Dietitian Juliette Kellow explains what vitamin E is good for and where you can find this cell-protecting antioxidant in everyday foods.
Vitamin E is an antioxidant that helps to protect our cells from damage caused by harmful molecules called free radicals. In particular, vitamin E keeps our skin and eyes healthy and strengthens our immune system.
What happens if I don’t get enough vitamin E?
In many Western countries, deficiencies of vitamin E are uncommon, Except in people on a very low-fat diet or who have a health condition that affects vitamin E absorption.
What happens if I have too much vitamin E?
Most people are able to tolerate high levels of vitamin E without experiencing any side effects. But, to be on the safe side, when it comes to taking supplements, the Department of Health recommends no more than 540mg a day.
How much vitamin E do I need each day?
Vitamin E recommendations vary from country to country. The UK recommends 3mg-4mg a day for women and men respectively. The US has a Recommended Daily Allowance of 15mg vitamin E. New Zealand and Australia have a Recommended Daily Intake of 7mg for women and 10mg for men.
These variations are because our needs for this nutrient are largely based on the amount of polyunsaturated fats we have in our diets – as a rule, higher intakes of polyunsaturates mean we need more vitamin E.
Foods high in vitamin E
|Food||(mg vitamin E)|
|30g sunflower seeds||11.3|
|140g farmed salmon (grilled)||5.5|
|1 tablespoon sunflower oil||5.4|
|30g pine nuts||4.1|
|1 small avocado||3.2|
|30g unsalted peanuts||3|
|30g fortified bran flakes||2.5|
|1 tablespoon canola or vegetable oil||2.4|
|125g can sardines in tomato sauce||2.3|
|30g Brazil nuts||2.2|
|1/2 large can chickpeas (120g drained)||1.9|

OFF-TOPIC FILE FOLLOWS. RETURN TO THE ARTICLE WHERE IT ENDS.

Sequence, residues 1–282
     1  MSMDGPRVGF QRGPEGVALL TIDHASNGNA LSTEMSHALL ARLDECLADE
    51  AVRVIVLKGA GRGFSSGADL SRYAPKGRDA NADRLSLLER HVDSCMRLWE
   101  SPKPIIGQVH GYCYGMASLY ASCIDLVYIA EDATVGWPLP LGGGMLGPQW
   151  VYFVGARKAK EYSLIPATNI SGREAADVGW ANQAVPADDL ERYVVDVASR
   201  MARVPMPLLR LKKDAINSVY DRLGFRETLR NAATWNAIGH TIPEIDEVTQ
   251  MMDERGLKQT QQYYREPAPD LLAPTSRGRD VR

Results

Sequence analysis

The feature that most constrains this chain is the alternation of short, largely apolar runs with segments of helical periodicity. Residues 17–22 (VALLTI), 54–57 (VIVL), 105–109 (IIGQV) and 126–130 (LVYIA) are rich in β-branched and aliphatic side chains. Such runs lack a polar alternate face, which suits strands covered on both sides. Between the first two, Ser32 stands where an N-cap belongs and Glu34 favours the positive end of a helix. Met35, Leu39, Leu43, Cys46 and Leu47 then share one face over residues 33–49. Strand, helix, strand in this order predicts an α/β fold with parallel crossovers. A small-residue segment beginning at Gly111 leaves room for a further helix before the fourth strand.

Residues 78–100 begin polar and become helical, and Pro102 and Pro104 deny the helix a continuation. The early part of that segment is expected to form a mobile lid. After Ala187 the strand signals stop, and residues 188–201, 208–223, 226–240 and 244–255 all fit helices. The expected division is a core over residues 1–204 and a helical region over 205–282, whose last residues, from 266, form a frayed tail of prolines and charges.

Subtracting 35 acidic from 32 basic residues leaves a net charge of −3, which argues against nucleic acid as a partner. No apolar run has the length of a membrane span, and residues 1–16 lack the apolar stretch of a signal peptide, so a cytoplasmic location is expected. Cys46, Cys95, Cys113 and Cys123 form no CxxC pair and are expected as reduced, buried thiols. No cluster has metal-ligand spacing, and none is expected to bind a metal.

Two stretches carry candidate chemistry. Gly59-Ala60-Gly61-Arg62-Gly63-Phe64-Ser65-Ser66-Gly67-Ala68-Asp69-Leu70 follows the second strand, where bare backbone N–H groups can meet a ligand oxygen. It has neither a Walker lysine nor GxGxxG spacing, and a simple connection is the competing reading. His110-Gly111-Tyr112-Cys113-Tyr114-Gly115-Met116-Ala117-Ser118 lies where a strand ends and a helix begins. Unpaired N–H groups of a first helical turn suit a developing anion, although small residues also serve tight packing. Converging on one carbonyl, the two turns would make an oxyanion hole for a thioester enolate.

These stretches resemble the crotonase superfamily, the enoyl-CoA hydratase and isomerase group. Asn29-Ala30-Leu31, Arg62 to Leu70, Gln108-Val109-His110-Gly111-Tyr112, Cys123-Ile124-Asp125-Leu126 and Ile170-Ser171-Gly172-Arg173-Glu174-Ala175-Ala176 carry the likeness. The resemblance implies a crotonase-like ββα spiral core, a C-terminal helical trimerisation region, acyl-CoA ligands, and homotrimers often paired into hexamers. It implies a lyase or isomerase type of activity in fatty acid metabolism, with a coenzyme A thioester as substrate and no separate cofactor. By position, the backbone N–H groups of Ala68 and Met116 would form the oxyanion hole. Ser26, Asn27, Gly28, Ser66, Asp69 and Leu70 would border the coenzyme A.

|1 tablespoon corn oil||1.9|
|1 tablespoon groundnut oil||1.7|
|80g butternut squash (baked)||1.5|
|80g broccoli (steamed)||1.5|
|30g pecan nuts||1.3|
|1 teaspoon reduced fat spread (41-62% fat)||1.3|
|140g cod (baked)||1.3|
|30g pistachio nut or walnuts||1.2|
|80g kale (boiled)||1.1|
|1/2 red capsicum/pepper||0.8|
|1 teaspoon low-fat olive oil spread (26-39% fat)||0.7|
|1 teaspoon peanut butter||0.7|
|200g baked beans||0.7|
|80g Brussels sprouts (steamed)||0.7|
|200g whole meal pasta||0.5|
Will taking vitamin E supplements make my skin glow?
Vitamin E is important for healthy skin, but there’s no evidence that taking a large amount in supplement form will help to reduce wrinkles or give you a better complexion. Similarly, while vitamin E is a common ingredient in face creams and anti-ageing potions, there’s little evidence to suggest applying it to the skin is truly beneficial – any improvement may simply be due to the moisturising effect of the lotion. There’s also no medical evidence to suggest that applying creams containing vitamin E to scars or stretch marks will improve their appearance.
What about taking vitamin E supplements?
High doses of vitamin E have been implicated in promoting health and protecting against many diseases, including heart disease, Alzheimer’s, age-related macular degeneration and certain cancers. But so far research has provided mixed and inconclusive results – more studies need to be carried out before taking supplements is recommended. Instead, the focus should be on eating plenty of foods that are naturally rich in vitamin E.
Where do I find vitamin E?
It’s found in a wide range of foods, but the best sources are vegetable oils, such as corn and sunflower oil. Vitamin E is also present in nuts, seeds, avocado and green vegetables. Because it’s a fat-soluble vitamin, vitamin E is stored in the body, so we don’t need to have it in large amounts on a daily basis.
Article sources and references
- Mohammad Abid Keen and Iffat Hassan. Vitamin E in dermatology. Indian Dermatol Online J. 2016 Jul-Aug; 7(4): 311–315. doi: 10.4103/2229-5178.185494https://www.ncbi.nlm.nih.gov/pmc/articles/PMC4976416/#:~:text=Vitamin%20E%20is%20an%20important,as%20a%20free%2Dradical%20scavenger.
- Vitamin E and Skin Health. Linus Pauling Institute, Micronutrient Information Center, accessed 30 November 2020https://lpi.oregonstate.edu/mic/health-disease/skin-health/vitamin-E
- Saliha Rizvi, et al. The Role of Vitamin E in Human Health and Some Diseases.Sultan Qaboos Univ Med J. 2014 May; 14(2): e157–e165. Published online 2014 Apr 7.https://www.ncbi.nlm.nih.gov/pmc/articles/PMC3997530/
- Regina Brigelius-Flohé, et al. The European perspective on vitamin E: current knowledge and future research.The American Journal of Clinical Nutrition, Volume 76, Issue 4, October 2002, Pages 703–716, https://doi.org/10.1093/ajcn/76.4.703https://academic.oup.com/ajcn/article/76/4/703/4677430